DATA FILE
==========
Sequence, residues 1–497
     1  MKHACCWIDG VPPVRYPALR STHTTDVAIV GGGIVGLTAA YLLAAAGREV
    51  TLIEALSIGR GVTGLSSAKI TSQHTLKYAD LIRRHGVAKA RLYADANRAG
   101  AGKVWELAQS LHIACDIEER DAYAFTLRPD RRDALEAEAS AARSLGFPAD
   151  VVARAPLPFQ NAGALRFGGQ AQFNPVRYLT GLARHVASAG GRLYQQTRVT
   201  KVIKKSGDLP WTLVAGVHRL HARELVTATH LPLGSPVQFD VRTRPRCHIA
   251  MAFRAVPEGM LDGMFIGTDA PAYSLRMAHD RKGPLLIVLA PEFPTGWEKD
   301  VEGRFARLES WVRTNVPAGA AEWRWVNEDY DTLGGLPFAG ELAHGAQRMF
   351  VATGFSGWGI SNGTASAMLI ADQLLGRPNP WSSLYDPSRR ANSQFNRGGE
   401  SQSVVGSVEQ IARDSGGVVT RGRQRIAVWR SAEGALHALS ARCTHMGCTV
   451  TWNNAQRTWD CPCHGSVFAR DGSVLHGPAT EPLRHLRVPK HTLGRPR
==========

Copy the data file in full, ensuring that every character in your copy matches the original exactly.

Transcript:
Sequence, residues 1–497
     1  MKHACCWIDG VPPVRYPALR STHTTDVAIV GGGIVGLTAA YLLAAAGREV
    51  TLIEALSIGR GVTGLSSAKI TSQHTLKYAD LIRRHGVAKA RLYADANRAG
   101  AGKVWELAQS LHIACDIEER DAYAFTLRPD RRDALEAEAS AARSLGFPAD
   151  VVARAPLPFQ NAGALRFGGQ AQFNPVRYLT GLARHVASAG GRLYQQTRVT
   201  KVIKKSGDLP WTLVAGVHRL HARELVTATH LPLGSPVQFD VRTRPRCHIA
   251  MAFRAVPEGM LDGMFIGTDA PAYSLRMAHD RKGPLLIVLA PEFPTGWEKD
   301  VEGRFARLES WVRTNVPAGA AEWRWVNEDY DTLGGLPFAG ELAHGAQRMF
   351  VATGFSGWGI SNGTASAMLI ADQLLGRPNP WSSLYDPSRR ANSQFNRGGE
   401  SQSVVGSVEQ IARDSGGVVT RGRQRIAVWR SAEGALHALS ARCTHMGCTV
   451  TWNNAQRTWD CPCHGSVFAR DGSVLHGPAT EPLRHLRVPK HTLGRPR